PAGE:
So I added pictures of London to the last post so if you didn’t see them, enjoy!
This week I’ve allowed myself to be sort of lazy since it’s my last week off before classes start on Monday (gulp).
But I did go to the Museo Thyssen-Bornemisza on Thursday afternoon since I had told myself I would go visit at least one major Madrid sight seeing spot. As it turns out, this museum is part of the so-called “golden triangle of art” (triangulo del arte/triangulo de oro) in Madrid. The other two museums are obviously the Prado and the Reina Sofia, both of which I have already visited (but not been back to since I’ve been living in Madrid… waiting for my sister/parents to go back again).
The collection in this museum used to be privately owned by Baron Heinrich Thyssen-Bornemisza (hence the museum’s name and used to be one of the largest private collections of art in the world). The collection passed on to the baron’s son Hans who expanded the collection and owned works by Picasso, Monet, Manet, Cezanne, Van Gogh just to name a few. Hans’s fifth wife, a Spanish woman named Carmen Cervera (and a former Miss Spain) was apparently a major factor in helping her husband decide what to do with his collection. Hans ended up turning over his collection to Spain which then created the Thyssen-Bornemisza museum which opened its doors in 1992.
The museum has a lot of 14th and 15th century Italian paintings (which I am not so fond of), Flemish/Dutch paintings (by Jan Van Eyck) and also Renaissance and Baroque works. The museum also has a collection of impressionist/post-impressionist works and there is actually a temporary exhibit called “jardines impresionistas” (Impressionist gardens) which I did not go see going on.
The museum is housed in the former Villahermosa Palace and apparently this building has always been owned by members of the aristocracy in one way or another. It was bought by the duke and duchess of Villahermosa in the early 1800s (due to its great location next to the Retiro park and the road in which royal processions took place) and extensive renovations were undertaken to make the building what it looks like today (though the inside is completely different). At one point, the Prado used the building for temporary exhibitions before Spain acquired the Thyssen-Bornemisza art collection in 1989.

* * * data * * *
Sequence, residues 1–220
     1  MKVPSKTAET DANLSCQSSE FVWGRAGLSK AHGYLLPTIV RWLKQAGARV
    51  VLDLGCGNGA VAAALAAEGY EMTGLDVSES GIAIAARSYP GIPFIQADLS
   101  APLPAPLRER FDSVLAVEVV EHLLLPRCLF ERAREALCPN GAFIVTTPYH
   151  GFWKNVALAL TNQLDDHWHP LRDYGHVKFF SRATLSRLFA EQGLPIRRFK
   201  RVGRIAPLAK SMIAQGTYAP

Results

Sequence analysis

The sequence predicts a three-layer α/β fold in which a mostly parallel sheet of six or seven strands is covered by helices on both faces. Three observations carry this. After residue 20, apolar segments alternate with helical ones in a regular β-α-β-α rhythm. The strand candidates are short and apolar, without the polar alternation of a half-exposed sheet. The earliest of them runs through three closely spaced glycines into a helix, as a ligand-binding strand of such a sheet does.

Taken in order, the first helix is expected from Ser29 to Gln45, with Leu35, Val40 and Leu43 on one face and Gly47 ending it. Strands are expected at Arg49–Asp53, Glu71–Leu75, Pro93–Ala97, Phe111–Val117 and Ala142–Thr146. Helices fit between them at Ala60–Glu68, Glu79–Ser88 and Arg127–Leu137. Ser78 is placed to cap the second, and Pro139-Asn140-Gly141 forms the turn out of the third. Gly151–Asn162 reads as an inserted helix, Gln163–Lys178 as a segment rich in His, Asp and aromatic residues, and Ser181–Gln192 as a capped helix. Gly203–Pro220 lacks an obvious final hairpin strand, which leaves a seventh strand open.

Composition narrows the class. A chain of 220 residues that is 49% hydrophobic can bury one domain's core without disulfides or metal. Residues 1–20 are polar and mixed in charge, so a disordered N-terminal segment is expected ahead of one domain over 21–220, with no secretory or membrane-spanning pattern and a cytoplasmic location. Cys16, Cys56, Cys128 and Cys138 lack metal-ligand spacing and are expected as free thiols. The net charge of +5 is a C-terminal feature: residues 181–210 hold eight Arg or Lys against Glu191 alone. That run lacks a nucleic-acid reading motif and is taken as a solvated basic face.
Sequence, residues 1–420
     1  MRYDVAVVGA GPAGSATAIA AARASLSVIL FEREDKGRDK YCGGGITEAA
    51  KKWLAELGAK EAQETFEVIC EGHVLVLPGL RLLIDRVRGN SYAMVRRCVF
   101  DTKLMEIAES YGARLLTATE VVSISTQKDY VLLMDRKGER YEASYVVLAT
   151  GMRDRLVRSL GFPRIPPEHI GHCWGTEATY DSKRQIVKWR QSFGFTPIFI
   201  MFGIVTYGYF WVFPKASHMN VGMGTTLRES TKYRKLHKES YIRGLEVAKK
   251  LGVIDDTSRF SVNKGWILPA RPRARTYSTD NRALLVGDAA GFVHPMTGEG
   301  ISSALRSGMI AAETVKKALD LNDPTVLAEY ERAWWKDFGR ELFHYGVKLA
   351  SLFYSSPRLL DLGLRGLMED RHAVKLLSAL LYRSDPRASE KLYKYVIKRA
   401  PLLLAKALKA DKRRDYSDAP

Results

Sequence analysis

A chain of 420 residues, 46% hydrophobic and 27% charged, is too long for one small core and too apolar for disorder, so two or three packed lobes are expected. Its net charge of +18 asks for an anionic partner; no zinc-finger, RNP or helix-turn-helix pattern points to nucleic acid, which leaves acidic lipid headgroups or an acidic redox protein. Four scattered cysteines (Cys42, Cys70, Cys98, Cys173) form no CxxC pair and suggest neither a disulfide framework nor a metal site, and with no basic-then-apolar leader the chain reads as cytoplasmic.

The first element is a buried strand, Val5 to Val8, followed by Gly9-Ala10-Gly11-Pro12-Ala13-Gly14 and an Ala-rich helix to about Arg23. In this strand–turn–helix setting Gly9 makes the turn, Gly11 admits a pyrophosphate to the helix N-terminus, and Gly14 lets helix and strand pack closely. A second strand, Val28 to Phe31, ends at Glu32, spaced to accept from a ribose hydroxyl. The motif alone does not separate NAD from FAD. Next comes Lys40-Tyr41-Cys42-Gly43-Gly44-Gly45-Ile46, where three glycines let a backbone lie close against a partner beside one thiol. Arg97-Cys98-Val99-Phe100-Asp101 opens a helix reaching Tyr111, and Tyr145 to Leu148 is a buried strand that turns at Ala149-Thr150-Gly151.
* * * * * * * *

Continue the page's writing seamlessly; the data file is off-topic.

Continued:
After her husband died, Carmen continued collecting art and another wing was added on to the museum when the baroness donated even more paintings to the museum.
I spent about 2 hours in the museum and visited every single room, though I pretty much walked past the Italian 13th and 14th century art on the second floor. There aren’t many paintings by Spanish artists but I was surprised to find there was a significant number of paintings by North American artists. In fact, one painting in particular tugged at my heartstrings–I can’t remember the artist’s name but it depicted 3 men in a boat fishing on the Long Island Sound off the coast of Westchester County–not too far away from where I’m from. Certainly didn’t expect to run into a piece of home in a museum in Madrid. In fact, there were quite a few paintings depicting life in New England/other areas of the US.
This museum is smaller than Reina Sofia or the Prado and while I was there, there weren’t many people milling around so I almost felt like I had the place to myself which was nice. It was definitely not as overwhelming as let’s say the Met in NY or the Louvre in Paris. You can easily see the whole collection in about 2 hours. Definitely taking my parents here when they come visit! 🙂